Bubbling Blobs in a Bottle
| Students @ Work - a student collaborative writing project. |
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- 1 Student worthiness
- 2 Primary biological content area covered
- 3 Materials
- 4 Handouts
- 5 Description of activity
- 6 Lesson plan
- 7 Potential pitfalls
- 8 Math connections
- 9 Literature connections
- 10 Connections to educational standards
- 11 Next steps
- 12 Reflections
- 13 Citations and links
- 14 Common mistakes
Biology In Elementary Schools is a Saint Michael's College student project from a course that ran between 2007 and 2010. The student-created resources have been preserved here for posterity. Link under 'toolbox' for printer-friendly versions of the exercises. Click on handouts to print full resolution versions. Please see Wikieducator's disclaimer, our safety statement, and the Creative Commons licensing in English and in legalese.
Briefly categorize your idea as tried and trusted, tried at least once and worked well, or brand new and untested.
Primary biological content area covered
This experiment covers the biologic content area of chemical change, more specifically an acid-base reaction.
- Different sized plastic bottles (1 for every student)
- Vegetable Oil
- Food Coloring
- Alka Seltzer Tablets
If there are simple written instructions that students would use during this activity they should be placed here and they can be cut and pasted into a word processing document for printing. There are mechanisms within this web format to upload pictures, tables, and more complex documents with diagrams. Common MS Office documents cannot be uploaded without first making modifications. Please link to tips on preparing handouts for upload.
Description of activity
Briefly describe the activity, but provide enough detail so that the activity can easily be assessed by other teachers without your intimate knowledge of the topic.
An ordered account of how the lesson might proceed. It is worth recognizing that some flexibility is useful in lesson plans, but at the same time having a structure and direction provides some organization and structure that your students will appreciate. A bullet list may be the best format for some projects, but a few paragraphs may work just as well. Build in enough time for students to clean up after themselves and restock the program box for future students. Keep in mind that teachers are very busy, and a student clean up policy is essential for sanity.
From your experience running the activity, list any difficulties you encountered. Where possible, incorporate any modifications of the activity that could reduce these pitfalls directly into the description above.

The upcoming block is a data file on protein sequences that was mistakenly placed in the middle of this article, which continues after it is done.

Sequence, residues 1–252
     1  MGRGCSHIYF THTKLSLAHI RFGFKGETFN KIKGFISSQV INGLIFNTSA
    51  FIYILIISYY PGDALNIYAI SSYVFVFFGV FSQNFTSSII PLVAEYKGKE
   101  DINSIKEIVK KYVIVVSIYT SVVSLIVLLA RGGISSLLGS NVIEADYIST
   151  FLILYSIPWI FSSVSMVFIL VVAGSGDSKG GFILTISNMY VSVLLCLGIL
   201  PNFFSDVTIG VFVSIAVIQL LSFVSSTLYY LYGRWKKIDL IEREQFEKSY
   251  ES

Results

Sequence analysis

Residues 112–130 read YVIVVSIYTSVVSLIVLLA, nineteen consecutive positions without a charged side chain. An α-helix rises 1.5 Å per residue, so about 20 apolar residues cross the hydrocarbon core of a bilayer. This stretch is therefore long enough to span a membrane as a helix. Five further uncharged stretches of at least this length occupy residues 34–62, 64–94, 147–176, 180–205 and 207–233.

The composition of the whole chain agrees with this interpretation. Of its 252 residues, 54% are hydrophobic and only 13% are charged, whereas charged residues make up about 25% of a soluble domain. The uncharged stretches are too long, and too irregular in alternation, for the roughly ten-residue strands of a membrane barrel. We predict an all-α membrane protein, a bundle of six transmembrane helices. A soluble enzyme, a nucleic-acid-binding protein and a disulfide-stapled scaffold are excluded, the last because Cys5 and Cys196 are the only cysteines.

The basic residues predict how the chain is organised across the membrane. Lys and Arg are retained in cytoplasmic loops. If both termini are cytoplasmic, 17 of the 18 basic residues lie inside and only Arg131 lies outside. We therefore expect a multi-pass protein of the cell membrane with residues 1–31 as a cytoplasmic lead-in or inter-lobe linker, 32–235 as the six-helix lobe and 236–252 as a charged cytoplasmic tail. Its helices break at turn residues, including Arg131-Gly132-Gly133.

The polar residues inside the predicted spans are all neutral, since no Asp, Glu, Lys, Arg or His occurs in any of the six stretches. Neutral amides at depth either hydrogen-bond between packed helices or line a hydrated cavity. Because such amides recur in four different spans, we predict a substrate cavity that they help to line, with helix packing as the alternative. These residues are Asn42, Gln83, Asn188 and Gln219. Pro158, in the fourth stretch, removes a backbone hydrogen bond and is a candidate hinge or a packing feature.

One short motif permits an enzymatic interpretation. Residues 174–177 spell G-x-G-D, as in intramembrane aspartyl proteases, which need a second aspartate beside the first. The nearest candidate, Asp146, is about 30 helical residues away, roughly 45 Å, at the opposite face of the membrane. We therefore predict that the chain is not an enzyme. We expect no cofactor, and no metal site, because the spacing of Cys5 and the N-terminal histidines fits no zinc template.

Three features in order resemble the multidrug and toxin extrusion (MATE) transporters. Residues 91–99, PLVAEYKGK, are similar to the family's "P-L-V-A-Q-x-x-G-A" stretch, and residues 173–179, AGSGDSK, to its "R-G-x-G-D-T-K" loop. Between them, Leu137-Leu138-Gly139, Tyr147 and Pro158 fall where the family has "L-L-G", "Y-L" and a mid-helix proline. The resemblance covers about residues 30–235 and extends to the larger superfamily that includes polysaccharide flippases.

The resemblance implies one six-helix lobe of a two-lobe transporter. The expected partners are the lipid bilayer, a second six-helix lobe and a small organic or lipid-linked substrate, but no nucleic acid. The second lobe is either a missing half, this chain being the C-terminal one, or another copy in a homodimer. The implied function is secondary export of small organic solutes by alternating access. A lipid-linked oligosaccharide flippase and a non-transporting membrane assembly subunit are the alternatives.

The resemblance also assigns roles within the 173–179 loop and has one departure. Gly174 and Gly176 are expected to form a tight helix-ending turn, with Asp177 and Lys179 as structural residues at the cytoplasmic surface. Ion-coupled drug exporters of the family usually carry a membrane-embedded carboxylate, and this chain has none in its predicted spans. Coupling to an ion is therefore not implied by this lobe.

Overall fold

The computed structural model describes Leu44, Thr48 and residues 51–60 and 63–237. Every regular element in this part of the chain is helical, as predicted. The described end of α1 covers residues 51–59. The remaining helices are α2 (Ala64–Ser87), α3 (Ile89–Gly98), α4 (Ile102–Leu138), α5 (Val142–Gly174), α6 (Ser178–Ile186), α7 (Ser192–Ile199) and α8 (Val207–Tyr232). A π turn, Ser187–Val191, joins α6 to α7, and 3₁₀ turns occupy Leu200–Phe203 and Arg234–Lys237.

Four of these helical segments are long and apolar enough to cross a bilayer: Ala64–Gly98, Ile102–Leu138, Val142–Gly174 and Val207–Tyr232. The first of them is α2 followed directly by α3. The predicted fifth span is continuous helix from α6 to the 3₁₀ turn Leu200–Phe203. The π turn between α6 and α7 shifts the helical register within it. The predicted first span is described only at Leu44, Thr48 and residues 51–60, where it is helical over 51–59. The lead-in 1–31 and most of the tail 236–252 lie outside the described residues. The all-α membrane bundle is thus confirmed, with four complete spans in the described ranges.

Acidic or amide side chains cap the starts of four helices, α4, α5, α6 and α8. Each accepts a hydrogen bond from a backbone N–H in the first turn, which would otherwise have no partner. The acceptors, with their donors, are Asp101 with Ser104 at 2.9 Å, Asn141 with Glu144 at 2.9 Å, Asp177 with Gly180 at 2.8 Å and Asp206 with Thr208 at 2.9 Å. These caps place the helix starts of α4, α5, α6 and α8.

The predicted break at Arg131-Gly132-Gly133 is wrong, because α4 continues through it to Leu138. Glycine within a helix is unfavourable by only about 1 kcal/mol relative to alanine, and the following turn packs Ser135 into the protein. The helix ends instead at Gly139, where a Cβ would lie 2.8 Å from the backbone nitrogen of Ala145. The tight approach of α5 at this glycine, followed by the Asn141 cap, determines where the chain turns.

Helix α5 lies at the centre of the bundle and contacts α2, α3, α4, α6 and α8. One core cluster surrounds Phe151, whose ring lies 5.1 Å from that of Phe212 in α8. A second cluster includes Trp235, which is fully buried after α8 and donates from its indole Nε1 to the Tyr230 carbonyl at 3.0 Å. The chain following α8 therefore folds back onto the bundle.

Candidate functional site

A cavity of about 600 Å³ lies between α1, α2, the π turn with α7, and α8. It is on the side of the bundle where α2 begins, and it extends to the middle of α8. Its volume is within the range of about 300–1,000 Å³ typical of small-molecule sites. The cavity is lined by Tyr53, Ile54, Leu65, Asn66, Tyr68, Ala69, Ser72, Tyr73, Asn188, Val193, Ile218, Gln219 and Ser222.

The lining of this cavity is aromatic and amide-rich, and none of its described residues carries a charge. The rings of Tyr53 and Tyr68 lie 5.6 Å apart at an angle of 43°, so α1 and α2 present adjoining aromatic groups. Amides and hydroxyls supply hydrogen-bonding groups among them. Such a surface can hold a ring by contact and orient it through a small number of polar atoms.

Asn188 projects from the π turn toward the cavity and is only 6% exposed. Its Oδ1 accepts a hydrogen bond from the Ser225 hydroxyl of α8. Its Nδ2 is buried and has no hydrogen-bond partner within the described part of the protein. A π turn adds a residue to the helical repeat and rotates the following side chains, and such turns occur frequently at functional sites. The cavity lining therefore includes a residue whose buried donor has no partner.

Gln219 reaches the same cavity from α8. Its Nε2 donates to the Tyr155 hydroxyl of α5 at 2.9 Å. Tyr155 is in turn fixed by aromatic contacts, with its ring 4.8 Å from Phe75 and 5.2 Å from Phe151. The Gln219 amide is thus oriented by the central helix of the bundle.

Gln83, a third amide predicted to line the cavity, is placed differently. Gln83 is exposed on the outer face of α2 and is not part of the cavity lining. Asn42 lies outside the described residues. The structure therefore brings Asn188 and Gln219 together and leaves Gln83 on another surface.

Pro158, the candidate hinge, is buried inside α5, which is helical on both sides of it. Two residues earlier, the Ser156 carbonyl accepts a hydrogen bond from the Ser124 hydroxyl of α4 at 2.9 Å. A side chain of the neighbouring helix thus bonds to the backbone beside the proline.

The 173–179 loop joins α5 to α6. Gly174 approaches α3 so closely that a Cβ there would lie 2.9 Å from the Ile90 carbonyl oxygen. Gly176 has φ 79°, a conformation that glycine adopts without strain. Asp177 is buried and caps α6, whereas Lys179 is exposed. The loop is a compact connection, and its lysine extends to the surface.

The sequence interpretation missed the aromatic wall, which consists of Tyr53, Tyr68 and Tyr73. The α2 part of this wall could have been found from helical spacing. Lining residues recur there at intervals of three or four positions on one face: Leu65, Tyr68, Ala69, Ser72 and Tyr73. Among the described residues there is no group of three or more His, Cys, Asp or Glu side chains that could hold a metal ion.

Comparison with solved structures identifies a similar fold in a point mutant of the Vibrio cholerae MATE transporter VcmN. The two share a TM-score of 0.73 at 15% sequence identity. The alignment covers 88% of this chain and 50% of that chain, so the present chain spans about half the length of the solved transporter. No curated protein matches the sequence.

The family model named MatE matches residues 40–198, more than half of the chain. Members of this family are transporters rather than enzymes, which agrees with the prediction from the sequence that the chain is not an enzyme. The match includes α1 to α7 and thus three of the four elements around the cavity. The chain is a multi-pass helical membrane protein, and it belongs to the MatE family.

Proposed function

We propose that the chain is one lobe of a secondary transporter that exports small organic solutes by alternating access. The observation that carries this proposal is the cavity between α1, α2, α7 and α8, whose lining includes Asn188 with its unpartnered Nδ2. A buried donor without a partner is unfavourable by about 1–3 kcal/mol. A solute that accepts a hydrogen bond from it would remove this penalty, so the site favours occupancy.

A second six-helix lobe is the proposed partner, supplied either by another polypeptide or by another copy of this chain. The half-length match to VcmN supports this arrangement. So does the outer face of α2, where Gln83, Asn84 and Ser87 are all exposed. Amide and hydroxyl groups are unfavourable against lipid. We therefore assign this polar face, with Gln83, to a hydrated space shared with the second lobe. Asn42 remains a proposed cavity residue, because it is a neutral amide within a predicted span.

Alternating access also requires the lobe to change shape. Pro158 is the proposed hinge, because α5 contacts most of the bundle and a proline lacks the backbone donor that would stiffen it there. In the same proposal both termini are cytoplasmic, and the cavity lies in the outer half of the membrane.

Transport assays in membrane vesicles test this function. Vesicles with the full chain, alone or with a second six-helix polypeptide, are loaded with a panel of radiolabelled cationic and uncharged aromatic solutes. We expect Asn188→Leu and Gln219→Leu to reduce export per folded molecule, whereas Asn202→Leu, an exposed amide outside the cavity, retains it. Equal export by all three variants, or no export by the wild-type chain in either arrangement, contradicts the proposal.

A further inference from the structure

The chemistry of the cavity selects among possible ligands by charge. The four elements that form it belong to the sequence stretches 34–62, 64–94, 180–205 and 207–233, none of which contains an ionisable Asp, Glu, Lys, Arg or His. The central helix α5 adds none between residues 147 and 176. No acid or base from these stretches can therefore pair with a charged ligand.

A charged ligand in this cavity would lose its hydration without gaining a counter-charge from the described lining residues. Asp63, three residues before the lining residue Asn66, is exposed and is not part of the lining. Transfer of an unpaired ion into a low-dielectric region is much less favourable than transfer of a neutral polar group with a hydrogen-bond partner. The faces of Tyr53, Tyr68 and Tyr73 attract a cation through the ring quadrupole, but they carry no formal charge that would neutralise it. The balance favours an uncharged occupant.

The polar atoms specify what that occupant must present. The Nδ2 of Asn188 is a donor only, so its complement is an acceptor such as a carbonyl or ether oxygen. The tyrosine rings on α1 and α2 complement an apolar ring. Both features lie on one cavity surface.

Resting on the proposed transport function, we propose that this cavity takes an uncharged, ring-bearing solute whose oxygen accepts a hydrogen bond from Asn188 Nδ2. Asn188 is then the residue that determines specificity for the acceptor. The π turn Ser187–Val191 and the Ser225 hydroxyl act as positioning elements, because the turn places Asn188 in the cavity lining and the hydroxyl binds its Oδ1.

Does the activity link in any way to grade-appropriate math skills?
What children's literature interfaces with the activity you have described. Are there specific library materials that you should have on hand to tie this idea into the broader curriculum? Mention the books here, describe how they will be used, and provide a complete citation in the literature cited section.
Connections to educational standards
This section is used to help teachers track and document the educational standards that the activity meets.
What educational standards does this activity address? Enter the relevant section numbers here. Vermont standards can be found in web links at the bottom of this page. Feel free to add links to other standards.
Once you have completed the activity, what other information can be gleaned from the materials and resources at hand? What additional activities could be developed using the equipment and materials you have listed above? What other opportunities to learn can be explored based on student questions and input?
Edit this section after you have tried the activity with grade school students. What worked well? What was unexpected? What previous knowledge did the students bring to the activity and how did that compliment your lesson? Are there any must do components that did or would particularlly enhance the learning experience? Other helpful thoughts.
While brand new ideas are very valuable and most welcome here, tried and trusted ideas of others will probably make up the bulk of the material on this site. It is important to respect the copyrights of others, and also to acknowledge their ideas. A full citation to published materials is essential and also useful. If there are online materials that would be useful to supplement your program, link to them from here.
This section is strictly for editorial suggestions and will not be part of your final product. The most common editorial suggestions I make are listed here.
|Work in progress, expect frequent changes. Help and feedback is welcome. See discussion page.|